The object of the epistle is to unfold and lead to the acceptance of the truth of Jesus Christ as Son of Man and Son of God, who is the life eternal.
The thought of a fellowship between God and man, made possible and in part realized in the Christian church, runs through the whole epistle.
The topics are : The nature of God as source of life ; the remedy for sin ; obedience in love and light; things temporal and eternal ; the conflict of truth and falsehood ; the spirit, power, and activity of the Christian life. - Westcott.
These were written, it is probable, about The Second and the same time as First John, and from Third Epistles of
Ephesus. Westcott says of the third John
Another point which deserves notice is the view which is given of the independence of Christian societies. Diotrephes, in no remote corner, is able for a time to withstand an apostle in the administration of his particular church. On the other side, the calm confidence of St. John seems to rest on himself more than on his official power.
This is another assertion of the self-governing power and independence of primitive churches, coming from an Episcopal scholar, and confirming the Baptist view of the early church government.
'THE CENTRAL AND DOMINANT PRINCIPLE OF PAUL'S EPISTLES
LIFE, DEEDS, WORDS.
Christ! I am Christ's! and let the name suffice
Paul has no honor and no friend but Christ.
Yes, without cheer of sister or of daughter
Yes, without stay of father or of son,
Pass I in patience till the work be done.
Waketh him workers for the great employ;
Catch from my joyance the surprise of joy.
Yea, thro' life, death, thro' sorrow and thro' sinning,
He shall suffice me, for he hath sufficed ;
-Frederick W. H. Myers.
Old and New Testament Revelation. Origin of Gospels. Origin of Epistles. Contents of Introduction. Synopsis of James. Character of 1 Thessalonians. Purpose of 2 Thessalonians. Analysis of 1 Corinthians. Contents of 2 Corinthians. Topics of Galatians. Purpose and Contents of Romans. Nature of Philemon. Aim and Teaching of Colossians. Occasion and Theme of Ephesians. Time and Purpose of Philippians. Purpose and Topics of i Peter. Time, Topics, and Authorship of Hebrews. Theme and Occasion of Pastoral Epistles. Purpose of 1 and 2 Timothy and Titus. The Message of Jude. Contents of 2 Peter. Time and Topics of the Epistles of John. Dominant Principle of Paul's Epistles.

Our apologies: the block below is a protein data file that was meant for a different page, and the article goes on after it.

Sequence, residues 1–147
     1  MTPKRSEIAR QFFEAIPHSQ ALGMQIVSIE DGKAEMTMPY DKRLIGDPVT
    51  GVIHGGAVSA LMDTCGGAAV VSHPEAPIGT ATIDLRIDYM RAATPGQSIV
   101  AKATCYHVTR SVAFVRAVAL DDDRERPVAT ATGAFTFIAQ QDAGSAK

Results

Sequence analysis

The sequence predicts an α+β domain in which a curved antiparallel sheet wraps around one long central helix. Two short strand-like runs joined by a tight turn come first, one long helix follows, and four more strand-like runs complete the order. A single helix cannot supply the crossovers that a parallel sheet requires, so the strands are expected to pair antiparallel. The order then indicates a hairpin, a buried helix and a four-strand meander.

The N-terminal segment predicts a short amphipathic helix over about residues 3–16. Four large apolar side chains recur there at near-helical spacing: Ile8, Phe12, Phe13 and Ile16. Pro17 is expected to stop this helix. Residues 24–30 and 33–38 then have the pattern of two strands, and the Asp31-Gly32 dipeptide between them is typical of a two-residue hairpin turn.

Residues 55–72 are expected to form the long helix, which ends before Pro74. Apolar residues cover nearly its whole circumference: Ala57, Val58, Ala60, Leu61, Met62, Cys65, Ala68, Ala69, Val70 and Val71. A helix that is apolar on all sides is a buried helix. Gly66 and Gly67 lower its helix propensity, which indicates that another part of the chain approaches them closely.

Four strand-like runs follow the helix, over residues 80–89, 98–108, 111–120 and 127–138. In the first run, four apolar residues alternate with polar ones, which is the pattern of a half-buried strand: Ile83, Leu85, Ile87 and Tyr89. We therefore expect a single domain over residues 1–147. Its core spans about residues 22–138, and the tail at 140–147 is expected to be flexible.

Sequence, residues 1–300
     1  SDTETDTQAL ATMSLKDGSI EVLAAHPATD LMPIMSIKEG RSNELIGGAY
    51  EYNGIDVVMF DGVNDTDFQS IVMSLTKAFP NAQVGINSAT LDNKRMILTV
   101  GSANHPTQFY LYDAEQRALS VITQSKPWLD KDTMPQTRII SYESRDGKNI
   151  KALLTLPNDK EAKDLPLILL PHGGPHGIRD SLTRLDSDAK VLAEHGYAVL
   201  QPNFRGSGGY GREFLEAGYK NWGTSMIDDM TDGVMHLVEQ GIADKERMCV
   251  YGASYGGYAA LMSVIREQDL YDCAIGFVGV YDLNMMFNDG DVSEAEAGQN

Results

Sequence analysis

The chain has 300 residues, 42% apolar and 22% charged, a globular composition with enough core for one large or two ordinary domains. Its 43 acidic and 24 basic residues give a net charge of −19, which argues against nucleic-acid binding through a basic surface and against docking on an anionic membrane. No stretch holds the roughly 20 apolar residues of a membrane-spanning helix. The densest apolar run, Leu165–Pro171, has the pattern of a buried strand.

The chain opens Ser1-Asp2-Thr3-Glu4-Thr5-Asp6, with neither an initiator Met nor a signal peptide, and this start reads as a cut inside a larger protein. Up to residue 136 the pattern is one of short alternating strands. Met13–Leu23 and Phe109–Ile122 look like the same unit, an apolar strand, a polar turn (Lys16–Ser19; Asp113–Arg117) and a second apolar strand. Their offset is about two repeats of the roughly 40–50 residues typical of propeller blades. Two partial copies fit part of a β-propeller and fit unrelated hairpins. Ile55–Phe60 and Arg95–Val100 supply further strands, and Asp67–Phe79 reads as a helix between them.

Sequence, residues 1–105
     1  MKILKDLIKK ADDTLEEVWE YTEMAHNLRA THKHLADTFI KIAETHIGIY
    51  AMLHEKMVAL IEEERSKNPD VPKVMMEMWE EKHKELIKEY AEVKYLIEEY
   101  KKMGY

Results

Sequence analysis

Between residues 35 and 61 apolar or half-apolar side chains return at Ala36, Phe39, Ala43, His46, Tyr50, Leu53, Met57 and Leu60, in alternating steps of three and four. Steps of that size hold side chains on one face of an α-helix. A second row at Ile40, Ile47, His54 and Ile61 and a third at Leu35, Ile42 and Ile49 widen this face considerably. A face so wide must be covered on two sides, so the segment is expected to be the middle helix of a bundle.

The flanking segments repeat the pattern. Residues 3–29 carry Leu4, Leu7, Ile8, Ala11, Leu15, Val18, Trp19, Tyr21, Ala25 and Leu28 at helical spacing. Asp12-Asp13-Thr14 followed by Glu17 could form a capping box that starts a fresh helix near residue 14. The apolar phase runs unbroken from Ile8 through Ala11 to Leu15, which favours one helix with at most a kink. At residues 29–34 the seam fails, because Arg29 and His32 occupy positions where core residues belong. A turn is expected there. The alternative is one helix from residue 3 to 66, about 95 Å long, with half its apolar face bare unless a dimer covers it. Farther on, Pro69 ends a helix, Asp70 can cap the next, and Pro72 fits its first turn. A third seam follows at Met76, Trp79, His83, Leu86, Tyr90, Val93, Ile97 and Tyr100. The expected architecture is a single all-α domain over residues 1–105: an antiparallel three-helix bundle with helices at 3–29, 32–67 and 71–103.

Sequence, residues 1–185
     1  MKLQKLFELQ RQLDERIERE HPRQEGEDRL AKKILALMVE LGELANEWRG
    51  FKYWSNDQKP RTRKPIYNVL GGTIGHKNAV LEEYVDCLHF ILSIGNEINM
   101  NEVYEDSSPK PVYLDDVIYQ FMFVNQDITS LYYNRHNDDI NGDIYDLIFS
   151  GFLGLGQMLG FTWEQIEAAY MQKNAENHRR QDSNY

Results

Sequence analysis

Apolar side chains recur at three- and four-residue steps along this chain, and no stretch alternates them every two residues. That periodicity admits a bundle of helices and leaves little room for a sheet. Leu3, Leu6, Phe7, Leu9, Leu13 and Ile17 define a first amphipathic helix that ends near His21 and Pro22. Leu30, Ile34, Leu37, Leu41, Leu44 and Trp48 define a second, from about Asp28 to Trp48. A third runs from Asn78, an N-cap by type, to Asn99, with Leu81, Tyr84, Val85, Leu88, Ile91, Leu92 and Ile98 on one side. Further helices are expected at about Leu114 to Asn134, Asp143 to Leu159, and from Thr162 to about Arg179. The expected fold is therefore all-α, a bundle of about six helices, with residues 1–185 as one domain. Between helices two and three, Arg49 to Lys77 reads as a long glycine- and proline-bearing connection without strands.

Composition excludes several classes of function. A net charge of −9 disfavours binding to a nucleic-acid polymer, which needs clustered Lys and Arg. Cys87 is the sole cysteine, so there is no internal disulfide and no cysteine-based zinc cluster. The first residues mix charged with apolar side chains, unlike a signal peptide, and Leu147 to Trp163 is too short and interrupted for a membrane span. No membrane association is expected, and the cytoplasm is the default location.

THE TEACHING OF THE EPISTLES IN RESPECT TO DIVINE
Section 1. The works of God in nature are symbols of his power, wisdom, and divinity. “For the invisible things of him since the creation of the world are clearly seen, being perceived through the things that are made, even his everlasting power and divinity” (R. V., Rom. 1 : 20).
So much is manifest to the discerning soul from the outward creation, that there is a Being above man and over all particular objects in nature. So that it is folly and abuse of reason to take some small part of nature for an object of supreme worship, as idolaters do. Comte seems to have made mankind an object of worship; but above mankind is the true “Great Being.” Idolatry results in human debasement, since men tend to become like the objects of their adoration.
In Rom. 1 : 20 we have a proof of Paul's breadth of mind and heart. He does not disparage, as the Jews did and as Christian science has sometimes done, the value of what has been called natural theology. . . This same idea of a universal revelation appears again in Paul's discourses at Lystra and Athens (Acts 14 : 17; 17: 27, 28; so also in 1 Cor. 1 : 21 and Rom. 3 : 29): “Or is God the God of Jews only? is he not the God of Gentiles also ?”—Godet.
Nature is only one revelation and must be helped out by others: it manifests power and divinity and suggests eter